Author Archives: Tippy Gnu

McKinney Ranch

Tales of Little Morongo

Chapter 1: McKinney Ranch

Back in the 1920s and ‘30s, Palm Springs, California was transforming into a resort town for health tourists and movie stars. My great-grandfather worked as a carpenter back then, and helped build famous Palm Springs hotels, such as the El Mirador, in 1927. The El Mirador Hotel was demolished and replaced by a hospital in the 1970s. But its iconic tower on Indian Canyon Drive was spared, and remains standing to this day.

One of my great-grandfather’s sons, my great-uncle Clarence, became the first movie theater projectionist in Palm Springs, during the 1930s. This “movie theater” was not much back then, consisting of just a large tent, with some chairs, a screen, and a projector. But it was where my great-uncle’s career began. This was the only job he would ever have, apart from a few years serving in a different kind of theater, while in the U.S. Navy. That was World War II’s Pacific Theater, where he saw action at Iwo Jima.

After the Navy, Uncle Clarence returned to Palm Springs, bought a house with a G.I. loan, got married, and returned to work running the movie projector at the local theater. Which by this time was a solid building. There he stayed contentedly employed for the next 40-plus years.

One of my favorite memories was when he allowed me to spend a shift with him, in the projector room of what was now a large cineplex. This was in 1979, and the original Superman movie was one of the featured films. But I didn’t give a damn about watching Christopher Reeves save the planet. Rather, I was fascinated with my uncle’s explanations about how projectors work, and watching him load the reels onto the big machines.

We lost touch with each other until about 20 years later, when I was working as a mailman in Palm Springs, subbing on someone else’s route. I recognized his house and brought his mail to his door. He was in his eighties by this time, and his memory was slipping a little. But after about a minute of reminding him who I was, he remembered and invited me inside.

This was one of the few times I broke my work ethic, and extended my ten-minute break beyond its limits. Uncle Clarence and I had some catching up to do. Thank god no postal manager decided to check up on me, or I would have had some awkward explaining to do after I returned to my mail truck a half-hour later. But I made it up to the U.S. Postal Service, by skipping a few breaks over the next several days. So it’s all good.

Uncle Clarence lived near the union hall, so after that I would stop and visit him on my way to union meetings. And he would regale me with stories of the old Palm Springs, when it was just a dusty, dirt road, hole-in-the-wall.

For instance, he told me about how Palm Springs had no school back then, so he and his schoolmates would have to ride a bus 40 miles, one-way, to attend classes in Yucaipa. Kids had to behave on that bus, or the bus driver would kick them out and make them ride standing, on the back bumper. I guess those were different times, when we had fewer lawyers.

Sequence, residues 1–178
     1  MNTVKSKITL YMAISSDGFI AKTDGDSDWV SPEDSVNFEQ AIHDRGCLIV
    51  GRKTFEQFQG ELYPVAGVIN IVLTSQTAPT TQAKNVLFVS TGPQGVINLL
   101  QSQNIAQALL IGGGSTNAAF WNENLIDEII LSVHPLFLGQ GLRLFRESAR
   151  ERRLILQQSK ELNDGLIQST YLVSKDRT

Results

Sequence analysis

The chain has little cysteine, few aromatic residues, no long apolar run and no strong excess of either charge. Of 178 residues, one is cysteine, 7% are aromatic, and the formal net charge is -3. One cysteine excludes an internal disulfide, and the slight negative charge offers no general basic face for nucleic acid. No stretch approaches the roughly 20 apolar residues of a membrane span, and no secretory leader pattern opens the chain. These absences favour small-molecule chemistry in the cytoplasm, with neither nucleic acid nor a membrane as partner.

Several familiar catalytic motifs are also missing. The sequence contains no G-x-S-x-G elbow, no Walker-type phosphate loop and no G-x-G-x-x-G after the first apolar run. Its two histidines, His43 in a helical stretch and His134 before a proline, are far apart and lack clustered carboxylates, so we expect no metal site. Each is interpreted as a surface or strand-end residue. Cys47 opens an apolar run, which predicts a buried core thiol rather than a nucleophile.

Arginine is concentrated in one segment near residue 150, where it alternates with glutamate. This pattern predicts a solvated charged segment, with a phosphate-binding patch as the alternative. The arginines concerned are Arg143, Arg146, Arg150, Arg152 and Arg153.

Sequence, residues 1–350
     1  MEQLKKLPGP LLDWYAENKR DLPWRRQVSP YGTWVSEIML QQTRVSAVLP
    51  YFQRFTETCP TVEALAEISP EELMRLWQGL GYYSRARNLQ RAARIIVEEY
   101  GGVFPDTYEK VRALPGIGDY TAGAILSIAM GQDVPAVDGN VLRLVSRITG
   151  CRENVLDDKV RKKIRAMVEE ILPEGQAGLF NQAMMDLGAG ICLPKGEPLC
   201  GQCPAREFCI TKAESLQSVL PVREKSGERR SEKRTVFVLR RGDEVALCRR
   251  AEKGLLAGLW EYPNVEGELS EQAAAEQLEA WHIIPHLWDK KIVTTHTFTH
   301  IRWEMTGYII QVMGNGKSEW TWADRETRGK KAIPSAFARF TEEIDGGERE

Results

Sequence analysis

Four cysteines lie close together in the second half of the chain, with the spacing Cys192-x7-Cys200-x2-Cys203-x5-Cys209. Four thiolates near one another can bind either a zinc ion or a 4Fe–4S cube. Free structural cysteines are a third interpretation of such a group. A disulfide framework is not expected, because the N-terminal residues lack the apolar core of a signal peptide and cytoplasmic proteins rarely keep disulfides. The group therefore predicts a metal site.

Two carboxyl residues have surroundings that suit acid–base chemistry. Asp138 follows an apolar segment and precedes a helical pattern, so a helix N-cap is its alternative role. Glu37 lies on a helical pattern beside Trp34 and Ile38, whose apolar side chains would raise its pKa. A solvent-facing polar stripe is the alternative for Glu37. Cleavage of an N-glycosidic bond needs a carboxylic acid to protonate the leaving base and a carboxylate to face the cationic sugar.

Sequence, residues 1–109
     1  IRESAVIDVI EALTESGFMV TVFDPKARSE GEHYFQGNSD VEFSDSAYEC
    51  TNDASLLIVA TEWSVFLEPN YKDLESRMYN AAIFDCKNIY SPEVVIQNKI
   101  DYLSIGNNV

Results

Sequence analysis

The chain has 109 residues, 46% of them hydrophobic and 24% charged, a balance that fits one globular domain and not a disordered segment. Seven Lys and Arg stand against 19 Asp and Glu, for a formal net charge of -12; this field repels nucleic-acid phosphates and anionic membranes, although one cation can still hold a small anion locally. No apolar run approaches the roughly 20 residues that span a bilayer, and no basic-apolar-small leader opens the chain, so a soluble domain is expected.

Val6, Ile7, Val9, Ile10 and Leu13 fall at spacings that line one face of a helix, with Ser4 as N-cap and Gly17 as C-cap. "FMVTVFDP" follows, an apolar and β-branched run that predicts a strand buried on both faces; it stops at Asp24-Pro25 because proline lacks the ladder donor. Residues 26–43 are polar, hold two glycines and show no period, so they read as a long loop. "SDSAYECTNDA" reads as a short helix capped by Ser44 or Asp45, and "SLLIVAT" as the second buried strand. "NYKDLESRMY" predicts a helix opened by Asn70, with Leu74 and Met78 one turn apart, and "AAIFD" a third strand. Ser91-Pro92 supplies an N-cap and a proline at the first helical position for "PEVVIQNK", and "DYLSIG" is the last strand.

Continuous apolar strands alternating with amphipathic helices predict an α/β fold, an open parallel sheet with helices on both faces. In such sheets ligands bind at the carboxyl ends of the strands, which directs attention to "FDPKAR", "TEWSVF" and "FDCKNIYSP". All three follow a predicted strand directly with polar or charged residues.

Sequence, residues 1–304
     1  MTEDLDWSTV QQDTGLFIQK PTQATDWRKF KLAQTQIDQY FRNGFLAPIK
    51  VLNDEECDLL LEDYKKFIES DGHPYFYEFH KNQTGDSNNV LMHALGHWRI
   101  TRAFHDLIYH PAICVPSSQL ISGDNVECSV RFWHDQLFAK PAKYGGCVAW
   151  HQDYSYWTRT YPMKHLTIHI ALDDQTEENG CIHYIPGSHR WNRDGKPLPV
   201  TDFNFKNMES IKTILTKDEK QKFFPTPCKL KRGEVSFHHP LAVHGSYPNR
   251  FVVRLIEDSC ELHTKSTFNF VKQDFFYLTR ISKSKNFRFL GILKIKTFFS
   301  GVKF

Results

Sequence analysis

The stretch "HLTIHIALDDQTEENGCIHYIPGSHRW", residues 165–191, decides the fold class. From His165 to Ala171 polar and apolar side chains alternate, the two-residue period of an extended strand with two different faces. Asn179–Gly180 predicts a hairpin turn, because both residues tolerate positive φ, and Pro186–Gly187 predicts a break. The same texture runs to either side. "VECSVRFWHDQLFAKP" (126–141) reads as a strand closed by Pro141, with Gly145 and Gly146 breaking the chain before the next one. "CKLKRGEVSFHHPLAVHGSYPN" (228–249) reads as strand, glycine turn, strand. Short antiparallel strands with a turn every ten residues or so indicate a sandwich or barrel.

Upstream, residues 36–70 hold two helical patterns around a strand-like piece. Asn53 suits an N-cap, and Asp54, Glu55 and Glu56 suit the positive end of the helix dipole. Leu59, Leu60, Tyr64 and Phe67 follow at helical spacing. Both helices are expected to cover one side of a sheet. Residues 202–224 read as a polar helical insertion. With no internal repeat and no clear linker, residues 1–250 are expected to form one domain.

But that’s not why I’m writing this post. No, I’ve brought up my uncle Clarence so I can bring up the subject of Little Morongo Canyon. Uncle Clarence gives me a good excuse to do that.

When he was growing up, he became friends with the McKinney family. They owned a ranch in Little Morongo Canyon, on the south side of Morongo Valley. Morongo Valley is about 15 miles north of Palm Springs, and 2,000 feet higher. In fact it’s located at the very southwestern tip of the Mojave desert.

Little Morongo Canyon hosts the Little Morongo River. This river flows mostly underground, from the rugged foothills of the San Bernardino mountains, traveling about 10 miles to Morongo Valley. There it crosses the valley on a subterranean and transverse path, and continues another 5 miles or so through the Little San Bernardino mountains, finally playing out near the city of Desert Hot Springs.

Although it’s mostly underground, here and there the river gurgles up, forming small and large springs. Probably the largest springs are located at McKinney Ranch. The McKinney family are the original homesteaders of this sparkling jewel of the Mojave desert, and my uncle was friends with these pioneers, from way back in the 1920s and ‘30s.

My uncle had a daughter named Melinda, who eventually married one of old man McKinney’s grandchildren. I barely knew her, but even so, this marriage made me kind of a shoestring relative of the McKinney’s. And my sister too. My sister owned a large horse ranch near Little Morongo Canyon, and once in awhile she’d take me on rides to the McKinney Ranch. Because we were relatives, we were allowed to tromp on their property.

I have no photos of McKinney Ranch, but this oasis at Fortynine Palms Canyon typifies the native palm trees that reflect in the waters of oases found in lower parts of the Mojave Desert.

This is a heavenly piece of land. Here, the Little Morongo River bubbles up to feed large ponds surrounded by palm trees. It’s a stunningly lush oasis in the midst of the blistering, harsh elements of the hot and dry Mojave. I’ve always been impressed with the McKinney Ranch, and feel fortunate to have ridden its trails.